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Grizzly G0768 Lathe DIY Powered Lead Screw & DRO

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Greg Madrigal

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Hi guys. First time poster here. I wanted to share my experience regarding the G0768 since there is very little online about it. I am hoping this will help somebody else tackle these issues. All in all, I am at very happy with my modifications.

I realize that in order to turn the wooden fly fishing reel seats that I want to turn, I would need to slow down the lead screw dramatically from me speed of the main spindle. This could only be done with an after-market motor. I had the bright idea to use an old Bosch drill that I had laying around because of a faulty trigger switch. I had since bought a new one so I had lots of fresh batteries hanging around to use for this purpose. At first I just mocked it up and created a cradle off the end of the lathe bed. I simply attached a 3/8 in socket adapter into the check of the drill along with the socket that fit the end of the lead screw. But I quickly realized was that I would need some sort of on/off switch with the ability to adjust the speed and forward and reverse. I hit up eBay and found a nice little motor controller that not only had the F4 mentioned options, but a bonus digital readout showing a percentage of full speed. This at least gives me some idea of where I should be dialing to for a specific task. I wrapped all of this up into a steel double gang outlet box with a plastic panel front that I made.

Also, I could not figure out how to eliminate most of the backlash from the cross slide. I decided a DRO was the only way to go for this since it doesn't rely on the threads of the screw but actually measures the distance at the cross slide moves. I had a little bit of trouble figuring out where I was going to place it but decided on the right side of the Cross slide. I was thinking of putting in a left and right microswitch to avoid Carriage collisions, but I left them out for the time being because I felt like there was a lot of wires and electronics around the work area as it was. Being that I use would mostly, that stuff gets everywhere! But I still May install the emergency switches down the road. If anybody has any ideas on how to do that, I am all ears. I landed on an Igauging 6in DRO. I'm pretty happy with it so far in testing but haven't had a good chance to use it.

This whole build cost me approximately $65. I wasted 16 of those dollars on a motor control unit that I accidentally burned up when I connected it to the motor while the motor was still connected to its Electronics in the trigger. For whatever reason, this fried it .

I am open to any questions but will leave most of the talking to the photos.
 

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RJSakowski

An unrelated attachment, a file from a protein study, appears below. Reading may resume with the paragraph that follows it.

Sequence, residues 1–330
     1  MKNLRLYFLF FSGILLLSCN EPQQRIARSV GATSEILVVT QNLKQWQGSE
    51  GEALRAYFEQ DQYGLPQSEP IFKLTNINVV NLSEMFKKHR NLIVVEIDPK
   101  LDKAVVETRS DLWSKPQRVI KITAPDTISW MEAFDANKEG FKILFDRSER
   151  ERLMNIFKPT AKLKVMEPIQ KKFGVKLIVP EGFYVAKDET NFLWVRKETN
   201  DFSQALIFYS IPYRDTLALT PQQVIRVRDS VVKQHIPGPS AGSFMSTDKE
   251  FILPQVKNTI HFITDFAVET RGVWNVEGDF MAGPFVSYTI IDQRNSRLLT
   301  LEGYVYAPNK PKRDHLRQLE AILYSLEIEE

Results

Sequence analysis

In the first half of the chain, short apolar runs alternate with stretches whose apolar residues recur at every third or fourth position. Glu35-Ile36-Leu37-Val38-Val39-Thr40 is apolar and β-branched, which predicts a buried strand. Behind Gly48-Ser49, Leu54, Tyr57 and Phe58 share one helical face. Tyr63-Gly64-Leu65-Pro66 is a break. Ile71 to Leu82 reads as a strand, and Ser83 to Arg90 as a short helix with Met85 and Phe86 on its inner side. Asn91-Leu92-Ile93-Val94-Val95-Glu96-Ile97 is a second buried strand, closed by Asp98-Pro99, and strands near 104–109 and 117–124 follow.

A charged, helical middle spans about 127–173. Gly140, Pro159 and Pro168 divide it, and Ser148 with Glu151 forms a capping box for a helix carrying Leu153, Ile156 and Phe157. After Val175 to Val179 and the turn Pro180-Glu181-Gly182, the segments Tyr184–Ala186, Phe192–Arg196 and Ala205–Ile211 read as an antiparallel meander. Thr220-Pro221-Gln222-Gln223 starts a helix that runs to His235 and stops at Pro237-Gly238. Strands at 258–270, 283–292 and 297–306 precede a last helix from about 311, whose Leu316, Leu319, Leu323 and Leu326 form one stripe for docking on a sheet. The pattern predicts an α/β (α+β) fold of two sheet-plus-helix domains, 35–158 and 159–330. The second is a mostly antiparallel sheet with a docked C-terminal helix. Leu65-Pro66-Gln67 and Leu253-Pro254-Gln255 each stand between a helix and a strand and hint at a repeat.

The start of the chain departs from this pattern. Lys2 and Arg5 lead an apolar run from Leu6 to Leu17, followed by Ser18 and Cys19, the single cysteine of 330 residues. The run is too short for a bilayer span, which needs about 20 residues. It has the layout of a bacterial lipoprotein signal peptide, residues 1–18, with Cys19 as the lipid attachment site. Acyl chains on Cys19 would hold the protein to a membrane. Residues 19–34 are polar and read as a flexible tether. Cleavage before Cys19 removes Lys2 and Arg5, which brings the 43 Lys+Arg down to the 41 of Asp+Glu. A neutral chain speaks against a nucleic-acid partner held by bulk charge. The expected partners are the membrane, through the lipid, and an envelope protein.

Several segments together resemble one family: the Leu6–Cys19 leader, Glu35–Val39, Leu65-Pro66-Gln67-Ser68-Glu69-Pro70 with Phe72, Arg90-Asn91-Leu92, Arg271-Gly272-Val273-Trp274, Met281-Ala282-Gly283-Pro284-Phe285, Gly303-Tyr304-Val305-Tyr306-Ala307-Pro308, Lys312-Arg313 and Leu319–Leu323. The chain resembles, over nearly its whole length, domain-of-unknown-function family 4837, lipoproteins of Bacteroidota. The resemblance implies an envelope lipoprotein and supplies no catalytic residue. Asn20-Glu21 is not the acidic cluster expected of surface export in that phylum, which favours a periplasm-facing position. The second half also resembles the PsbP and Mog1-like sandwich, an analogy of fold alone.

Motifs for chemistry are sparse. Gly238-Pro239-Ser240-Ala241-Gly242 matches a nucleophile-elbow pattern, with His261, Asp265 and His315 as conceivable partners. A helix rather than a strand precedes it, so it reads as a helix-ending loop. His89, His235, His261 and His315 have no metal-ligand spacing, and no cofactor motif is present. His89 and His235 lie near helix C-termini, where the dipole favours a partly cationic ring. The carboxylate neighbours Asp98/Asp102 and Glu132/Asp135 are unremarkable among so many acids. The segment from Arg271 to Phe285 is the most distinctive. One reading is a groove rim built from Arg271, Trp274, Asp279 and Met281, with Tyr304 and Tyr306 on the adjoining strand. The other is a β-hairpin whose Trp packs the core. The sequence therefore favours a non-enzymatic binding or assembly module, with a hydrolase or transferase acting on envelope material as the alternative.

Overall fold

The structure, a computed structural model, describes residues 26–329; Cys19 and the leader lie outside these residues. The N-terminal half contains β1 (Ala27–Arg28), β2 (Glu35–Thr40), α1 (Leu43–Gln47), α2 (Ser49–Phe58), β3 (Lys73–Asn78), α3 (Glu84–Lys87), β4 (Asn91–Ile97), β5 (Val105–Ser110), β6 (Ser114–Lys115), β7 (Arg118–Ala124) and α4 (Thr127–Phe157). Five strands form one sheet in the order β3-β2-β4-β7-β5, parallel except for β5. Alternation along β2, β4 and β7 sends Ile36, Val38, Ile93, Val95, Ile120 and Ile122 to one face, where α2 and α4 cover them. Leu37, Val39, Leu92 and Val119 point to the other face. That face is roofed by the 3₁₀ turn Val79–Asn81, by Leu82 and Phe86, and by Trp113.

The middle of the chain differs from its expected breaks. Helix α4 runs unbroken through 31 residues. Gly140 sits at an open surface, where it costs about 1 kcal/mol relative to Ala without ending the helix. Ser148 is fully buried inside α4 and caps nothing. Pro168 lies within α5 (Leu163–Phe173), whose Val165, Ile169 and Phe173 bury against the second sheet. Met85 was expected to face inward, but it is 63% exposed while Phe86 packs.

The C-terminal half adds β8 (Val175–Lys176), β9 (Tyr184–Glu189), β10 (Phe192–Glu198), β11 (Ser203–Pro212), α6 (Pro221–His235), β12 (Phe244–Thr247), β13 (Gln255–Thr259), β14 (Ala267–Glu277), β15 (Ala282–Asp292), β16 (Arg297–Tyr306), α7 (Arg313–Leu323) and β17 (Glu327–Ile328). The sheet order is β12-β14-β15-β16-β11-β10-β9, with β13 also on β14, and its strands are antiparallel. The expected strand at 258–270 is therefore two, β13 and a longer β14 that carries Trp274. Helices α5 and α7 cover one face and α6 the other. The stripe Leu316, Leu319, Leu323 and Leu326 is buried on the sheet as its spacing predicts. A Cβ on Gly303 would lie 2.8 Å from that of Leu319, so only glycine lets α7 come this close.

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Hi guys. First time poster here. I wanted to share my experience regarding the G0768 since there is very little online about it. I am hoping this will help somebody else tackle these issues. All in all, I am at very happy with my modifications.

I realize that in order to turn the wooden fly fishing reel seats that I want to turn, I would need to slow down the lead screw dramatically from me speed of the main spindle. This could only be done with an after-market motor. I had the bright idea to use an old Bosch drill that I had laying around because of a faulty trigger switch. I had since bought a new one so I had lots of fresh batteries hanging around to use for this purpose. At first I just mocked it up and created a cradle off the end of the lathe bed. I simply attached a 3/8 in socket adapter into the check of the drill along with the socket that fit the end of the lead screw. But I quickly realized was that I would need some sort of on/off switch with the ability to adjust the speed and forward and reverse. I hit up eBay and found a nice little motor controller that not only had the F4 mentioned options, but a bonus digital readout showing a percentage of full speed. This at least gives me some idea of where I should be dialing to for a specific task. I wrapped all of this up into a steel double gang outlet box with a plastic panel front that I made.

Also, I could not figure out how to eliminate most of the backlash from the cross slide. I decided a DRO was the only way to go for this since it doesn't rely on the threads of the screw but actually measures the distance at the cross slide moves. I had a little bit of trouble figuring out where I was going to place it but decided on the right side of the Cross slide. I was thinking of putting in a left and right microswitch to avoid Carriage collisions, but I left them out for the time being because I felt like there was a lot of wires and electronics around the work area as it was. Being that I use would mostly, that stuff gets everywhere! But I still May install the emergency switches down the road. If anybody has any ideas on how to do that, I am all ears. I landed on an Igauging 6in DRO. I'm pretty happy with it so far in testing but haven't had a good chance to use it.

This whole build cost me approximately $65. I wasted 16 of those dollars on a motor control unit that I accidentally burned up when I connected it to the motor while the motor was still connected to its Electronics in the trigger. For whatever reason, this fried it .

I am open to any questions but will leave most of the talking to the photos.
Some interesting work. I have a G0602 myself which I believe is essentially a larger version of your lathe sans the VFD.

A project that I am working on is an auto release for the half nuts which is essentially an electrical limit switch and is capable of working from both left and right. In my application, I will use a switch to activate a solenoid which in turn will disengage a seer and "fire" a rod which disengages the half nuts.
In your case, it will be much simpler since you are all electric. I put optical homing/limit switching on my Tormach 770 which is repeatable to .0002" but that would be overkill for you. The OEM limit switches on the machine use a microswitch with a ramp, the purpose of the ramp being to trigger the switch but not cause a hard crash if you overshoot for some reason. It is repeatable to around .002". Grizzly uses electric limit switches for the power feed on their G0755 mill which are interesting. Rather than the ramp, they use a spring loaded plunger which allows a fair amount of overshoot to activate the switch.

There are a number of projects on this forum which involve adding carriage stops to lathes. They involve making some sort of clamping arrangement for the stop and a fixed stop, a micrometer stop, or a dial indicator stop. If you replaced the stop with a microswitch mechanism, you would be half way there. I would use steering diodes aso that if you were moving left and hit the stop, left movement would be deactivated but you could still move right. The same idea for moving right.